Live Chat with Christine Dutcher (aka Sweet Prodigy)
Hi, all! I'm pleased to announce that, on November 12, 2016, we're continuing our Rising Star Series with a live chat with @Sweet Prodigy (aka Christine Dutcher)! Christine has been a member of Cookie Connection for only a year and a few months, but her precision-piping has already caused many jaws to hit the floor! In this chat, we'll learn more about how she very quickly acquired her skills, and tricks for creating some of her intricately piped optical illusions!
When her daughter received a cupcake maker for Christmas 2012, Sweet Prodigy (aka Christine Dutcher) decided to search online for “amazing cupcake decorating” ideas. That search led to some amazing cookie photos too, and, like many cookiers, Christine instantly became obsessed. After spending countless hours online learning all that she could about decorated cookies, Christine decorated her first set in October 2013.
Prior to January 2016, Christine decorated cookies only sporadically, but since then she’s been focusing her spare time on perfecting her skills and building a cookie portfolio. In the process, she’s awed Cookie Connection members with her precision-piping of needlepoint grids, kaleidoscopic designs, and other mesmerizing interwoven patterns that often play tricks on the eyes!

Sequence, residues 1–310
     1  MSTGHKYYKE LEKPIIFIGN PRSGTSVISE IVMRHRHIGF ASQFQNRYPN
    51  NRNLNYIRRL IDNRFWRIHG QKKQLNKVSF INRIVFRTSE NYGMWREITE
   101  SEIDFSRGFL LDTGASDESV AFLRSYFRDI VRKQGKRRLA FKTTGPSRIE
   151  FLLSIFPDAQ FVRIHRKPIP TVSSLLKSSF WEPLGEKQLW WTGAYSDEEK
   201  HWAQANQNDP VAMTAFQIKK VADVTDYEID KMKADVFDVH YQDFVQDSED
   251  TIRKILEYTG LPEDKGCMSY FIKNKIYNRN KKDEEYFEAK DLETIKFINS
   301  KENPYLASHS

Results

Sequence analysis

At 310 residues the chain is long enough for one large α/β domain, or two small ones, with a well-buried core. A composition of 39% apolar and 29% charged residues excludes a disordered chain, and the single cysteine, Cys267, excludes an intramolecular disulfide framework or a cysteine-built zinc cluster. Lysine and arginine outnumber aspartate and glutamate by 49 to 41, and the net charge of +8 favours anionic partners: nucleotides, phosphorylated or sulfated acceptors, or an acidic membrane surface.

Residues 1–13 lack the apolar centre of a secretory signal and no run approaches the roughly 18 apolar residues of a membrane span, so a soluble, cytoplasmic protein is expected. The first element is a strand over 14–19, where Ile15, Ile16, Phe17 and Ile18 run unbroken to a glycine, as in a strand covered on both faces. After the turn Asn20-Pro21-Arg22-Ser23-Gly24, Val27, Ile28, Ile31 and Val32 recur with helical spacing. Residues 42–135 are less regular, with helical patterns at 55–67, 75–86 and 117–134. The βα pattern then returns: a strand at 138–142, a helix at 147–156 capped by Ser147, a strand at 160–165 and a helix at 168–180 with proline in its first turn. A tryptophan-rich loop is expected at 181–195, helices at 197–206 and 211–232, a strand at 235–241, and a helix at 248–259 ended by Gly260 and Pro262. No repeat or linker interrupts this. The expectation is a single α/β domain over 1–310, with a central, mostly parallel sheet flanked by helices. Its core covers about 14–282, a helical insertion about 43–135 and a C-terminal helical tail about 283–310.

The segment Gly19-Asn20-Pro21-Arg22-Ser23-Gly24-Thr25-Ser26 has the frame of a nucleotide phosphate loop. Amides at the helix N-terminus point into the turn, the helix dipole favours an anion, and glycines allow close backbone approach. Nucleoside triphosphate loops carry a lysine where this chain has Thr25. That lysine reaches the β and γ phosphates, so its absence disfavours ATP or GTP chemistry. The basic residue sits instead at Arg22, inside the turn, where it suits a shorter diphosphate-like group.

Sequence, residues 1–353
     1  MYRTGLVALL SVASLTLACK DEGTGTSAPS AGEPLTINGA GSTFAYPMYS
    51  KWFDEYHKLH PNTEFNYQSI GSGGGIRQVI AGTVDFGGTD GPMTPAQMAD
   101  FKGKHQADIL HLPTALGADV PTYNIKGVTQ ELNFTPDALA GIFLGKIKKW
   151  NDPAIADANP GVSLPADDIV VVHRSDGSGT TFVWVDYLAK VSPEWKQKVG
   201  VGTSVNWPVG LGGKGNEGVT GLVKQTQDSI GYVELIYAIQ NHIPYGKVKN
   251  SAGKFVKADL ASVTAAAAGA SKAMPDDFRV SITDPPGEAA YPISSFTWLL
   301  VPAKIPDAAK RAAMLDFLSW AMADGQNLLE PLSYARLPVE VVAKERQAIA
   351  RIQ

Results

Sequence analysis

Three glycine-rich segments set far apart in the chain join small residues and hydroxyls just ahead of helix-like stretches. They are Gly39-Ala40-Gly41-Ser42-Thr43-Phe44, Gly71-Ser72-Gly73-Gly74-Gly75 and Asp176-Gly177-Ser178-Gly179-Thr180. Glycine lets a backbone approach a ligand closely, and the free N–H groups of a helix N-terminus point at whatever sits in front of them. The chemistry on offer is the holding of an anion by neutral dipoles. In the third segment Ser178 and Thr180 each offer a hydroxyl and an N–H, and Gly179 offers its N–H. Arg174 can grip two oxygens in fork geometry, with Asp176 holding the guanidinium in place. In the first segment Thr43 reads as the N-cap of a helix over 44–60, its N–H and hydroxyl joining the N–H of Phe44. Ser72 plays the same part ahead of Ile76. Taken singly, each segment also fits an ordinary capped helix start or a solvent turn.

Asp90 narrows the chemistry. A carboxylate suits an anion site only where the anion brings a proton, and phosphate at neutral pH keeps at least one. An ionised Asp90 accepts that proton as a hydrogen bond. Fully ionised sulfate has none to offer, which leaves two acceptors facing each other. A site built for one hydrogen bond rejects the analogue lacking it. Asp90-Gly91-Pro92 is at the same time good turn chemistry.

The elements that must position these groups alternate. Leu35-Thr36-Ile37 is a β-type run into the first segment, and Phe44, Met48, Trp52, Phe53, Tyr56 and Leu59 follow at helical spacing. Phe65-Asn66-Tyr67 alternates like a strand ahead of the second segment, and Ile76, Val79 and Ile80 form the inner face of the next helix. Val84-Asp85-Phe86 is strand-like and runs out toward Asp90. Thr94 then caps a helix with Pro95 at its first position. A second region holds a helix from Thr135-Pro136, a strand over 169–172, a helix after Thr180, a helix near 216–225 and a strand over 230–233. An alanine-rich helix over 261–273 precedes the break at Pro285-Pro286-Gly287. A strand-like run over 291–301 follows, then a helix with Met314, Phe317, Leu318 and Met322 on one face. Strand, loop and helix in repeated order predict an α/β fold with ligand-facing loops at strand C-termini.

Married with two school-age kids, Christine is a stay-at-home mom in the greater Toronto, Canada area. Art has always been one of Christine’s favorite subjects, so the fact that she can now create art that tastes delicious makes her cookie passion that much sweeter. Other passions include interior design and renovating her home, so when not holding a pastry bag and mixing colors, Christine is usually wielding a power drill or painting walls.
If you can't make the chat, no worries! You can log your advance questions now by following the instructions at the top of this chat page. (As always, it's super helpful for questions to be logged early, so our guests are able to prepare answers beforehand and to field more questions during the live chat time.)
Please note that any advance questions will reveal one at a time, in the order received, only after the chat goes live. Do not expect questions or answers to appear immediately.